Brutal Sports Football

Atari Jaguar

from AEO Magazine, Volume 3, Issue 11

 |||   Review: Brutal Sports Football

 |||   By: Tal Funke-Bilu

/ | \  Delphi: AEXPLORER   GEnie: EXPLORER.5


Well folks, it's been a while since the last regularly scheduled AEO,

but I made it... about 4000 miles, 6 hours of video tape, a ton of

orders, a new Tempest high score (4,513,945), a new job, new pad, and

a huge crush on a new girl! Oh yeah, and a new game to add to my

Jaguar library... all that and I still find time to write for my

favorite online mag. ;) Seriously though, here is the official AEO

review of the first 3rd party game to surface for the most powerful

home entertainment system ever created, Atari's Jaguar.

Brought to you by Telegames, Brutal Sports Football (BSF) captures the

essence of rugby, football, and good ole smear the queer and throws

them all together in to one sport. To call BSF a sport is rather

ironic, since most sports have rules by which you abide by. BSF as you

might already know, has no rules.

The game starts off with a tip off by the referee much like

basketball, and then, for the next seven minutes, it's a free for all.

Use a variety of methods ranging from punching, stomping, passing,

kicking, diving, jumping, blocking, slashing, hacking, freezing,

decapitating, tackling, shocking, etc. to find a way to put the

football into your opponent's goal. Yet before the game begins, you

must choose your team. Assassins, lizards, goats, rhinos, warlords,

and many other compilations of barbarous savages adorn your screen as

you decide who (or what) you will use to wreak havoc against the


Before you make that choice, you must determine how you will use your

arsenal... whether it be in a single elimination Knockout tournament,

a quick and simple Unfriendly match, or an entrance into actual League

play; the choice is yours. In both Knockout and Unfriendly play, your

team starts out at full health at the beginning of each match, while

after each League game you have the option of using moneys won during

play to "rebuild" your team. You can acquire new heads, more health,

and even a speed increase for the next game. Now that we have all of

the "pre-game" activities out of the way, let's see what the game is

really like.

[] GRAPHICS: For better or for worse, BSF's graphics have been one of

the most talked about aspects of this game. The general consensus has

been that BSF has 16 bit graphics. Well, they might not be

64-bit-in-your-face-this-is-what-the-Jag-can-do graphics like Alien

Vs. Predator, but they definitely aren't bad. I'd say they're average.

You have nice character animation, nice scrolling, nice body parts

flying, nice blood. It is all NICE, nothing amazing, but very nice.

Everything is happening at the same time which also contributes to

this game's niceness. I didn't notice any slowdown, even though I had

practically ten different guys on the screen all doing different

things, with about two or three heads bouncing in different directions

and blood spurting all over the place. I love a good decapitation!

The bottom line? The graphics are nice, not superb, and not 16 bit

like the many net-perfectionists make them out to be... just nice.

Rating - 7

[] PLAYABILITY: This is definitely the strongest point of BSF. It is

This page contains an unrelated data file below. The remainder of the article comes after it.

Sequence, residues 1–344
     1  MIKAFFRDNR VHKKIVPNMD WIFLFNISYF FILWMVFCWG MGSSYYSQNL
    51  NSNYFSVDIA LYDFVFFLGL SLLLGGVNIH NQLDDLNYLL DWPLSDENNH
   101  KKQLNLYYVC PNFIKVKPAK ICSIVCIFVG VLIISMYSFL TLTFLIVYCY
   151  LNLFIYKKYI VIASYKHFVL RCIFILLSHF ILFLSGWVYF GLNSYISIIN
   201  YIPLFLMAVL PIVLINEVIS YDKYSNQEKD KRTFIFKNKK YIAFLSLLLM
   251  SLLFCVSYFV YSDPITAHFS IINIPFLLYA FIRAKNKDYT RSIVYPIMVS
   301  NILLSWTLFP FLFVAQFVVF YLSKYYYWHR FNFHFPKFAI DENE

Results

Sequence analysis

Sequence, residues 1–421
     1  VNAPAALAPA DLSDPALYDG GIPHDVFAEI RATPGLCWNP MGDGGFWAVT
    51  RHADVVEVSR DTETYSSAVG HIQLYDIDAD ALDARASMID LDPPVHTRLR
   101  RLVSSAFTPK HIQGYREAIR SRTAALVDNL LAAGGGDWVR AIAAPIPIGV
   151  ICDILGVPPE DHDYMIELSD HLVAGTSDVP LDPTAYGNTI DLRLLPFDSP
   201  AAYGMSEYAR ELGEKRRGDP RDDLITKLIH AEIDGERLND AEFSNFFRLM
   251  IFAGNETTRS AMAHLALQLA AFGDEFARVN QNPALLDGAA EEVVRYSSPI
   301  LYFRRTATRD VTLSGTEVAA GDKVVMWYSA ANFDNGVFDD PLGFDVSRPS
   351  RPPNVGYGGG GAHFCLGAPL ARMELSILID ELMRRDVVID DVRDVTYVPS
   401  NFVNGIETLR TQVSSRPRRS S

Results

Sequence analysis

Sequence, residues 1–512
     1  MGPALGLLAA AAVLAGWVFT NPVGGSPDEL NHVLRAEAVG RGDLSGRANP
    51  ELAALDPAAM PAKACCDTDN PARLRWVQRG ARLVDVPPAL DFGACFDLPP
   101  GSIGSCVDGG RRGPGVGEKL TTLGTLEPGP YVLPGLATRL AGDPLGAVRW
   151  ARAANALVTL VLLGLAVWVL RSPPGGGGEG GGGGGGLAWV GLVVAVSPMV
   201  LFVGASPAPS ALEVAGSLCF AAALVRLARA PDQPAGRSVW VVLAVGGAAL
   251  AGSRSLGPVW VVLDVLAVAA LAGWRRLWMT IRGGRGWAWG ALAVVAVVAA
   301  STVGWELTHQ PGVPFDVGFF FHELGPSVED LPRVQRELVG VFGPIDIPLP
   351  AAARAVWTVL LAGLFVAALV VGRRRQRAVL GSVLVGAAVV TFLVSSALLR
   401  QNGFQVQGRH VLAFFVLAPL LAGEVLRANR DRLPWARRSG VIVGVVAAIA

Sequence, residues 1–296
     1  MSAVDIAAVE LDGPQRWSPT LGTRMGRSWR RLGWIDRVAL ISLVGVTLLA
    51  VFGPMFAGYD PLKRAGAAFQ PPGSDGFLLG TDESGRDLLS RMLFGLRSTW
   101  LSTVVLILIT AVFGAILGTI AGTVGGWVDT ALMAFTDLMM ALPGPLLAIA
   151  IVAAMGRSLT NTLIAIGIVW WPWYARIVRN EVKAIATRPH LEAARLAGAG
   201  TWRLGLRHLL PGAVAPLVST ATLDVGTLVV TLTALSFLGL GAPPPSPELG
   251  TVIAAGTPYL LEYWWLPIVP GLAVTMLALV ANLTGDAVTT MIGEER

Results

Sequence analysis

one of the most fun games I have played, especially in two player

mode. Granted, the computer is fun, but hey, we all know that you

eventually figure out a way to beat the computer. Nothing can beat a

good seven on seven Unfriendly tournament with a group of friends.

The controls are very responsive. You move your players, and they go

where you want them to. They dive where you want them to, and jump

like you expect them to. The power-ups are a perfect addition to game

that is already great fun to play. Swords, axes, and shields add

another dimension to basic punching and stomping, while other

power-ups like Lightning and Ice Cubes can be used effectively towards

the end of a game to alter the expected outcome. The bottom line?  The

game is responsive and has enough cool power-ups to keep your interest

much longer than a normal sports game.

Rating - 9

[] SOUND: Nothing great here. The music during gameplay is OK, and the

sound effects are slightly better. There are a few grunts and thuds

that would be very cool if their volume was increased, but f/x control

in BSF was one feature that was missing. The crowd reacts to different

tackles, punches, etc in different ways, and is definitely a good

addition. Again, the sound effects are nice, while more would have

been a good addition, they definitely aren't bad. The bottom line? The

sound doesn't stand out, nor does become annoying... it sort of blends

into the game, a feature I was not disappointed in.

Rating - 6.5

[] VALUE: While I will be the first to tell you that BSF is a very fun

game and should definitely be played before it is discounted, I will

warn you that I don't feel it is worth the $69.99 price tag. Sorry

Telegames, with games like AvP, Kasumi Ninja, and Checkered Flag

coming out at the $69.99 price range, it is hard to see paying that

much for BSF. Maybe for Brutal Sports Baseball if they beef up the

graphics and sound, but right now BSF looks like a $50 - $60 game.

The bottom line? Buy it with a friend.

Rating - 4

[] OVERALL: BSF's playability is definitely the high point of this

game.  So much in fact that it makes you realize that you don't need

the flashy graphics and sounds to make a fun game. The bottom line?

While the graphics aren't mind blowing, and the sound isn't special,

the game is a blast to play. My brother and about six of his friends

had a six and a half hour BSF session last weekend, so I know I'm not

the only one who feels that way!

Rating - 7.5

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